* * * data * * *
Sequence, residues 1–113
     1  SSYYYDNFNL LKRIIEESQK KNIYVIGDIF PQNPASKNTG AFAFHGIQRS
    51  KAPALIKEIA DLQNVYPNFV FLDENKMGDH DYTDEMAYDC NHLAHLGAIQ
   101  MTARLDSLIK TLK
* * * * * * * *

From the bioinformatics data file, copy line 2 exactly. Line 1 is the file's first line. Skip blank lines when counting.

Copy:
     1  SSYYYDNFNL LKRIIEESQK KNIYVIGDIF PQNPASKNTG AFAFHGIQRS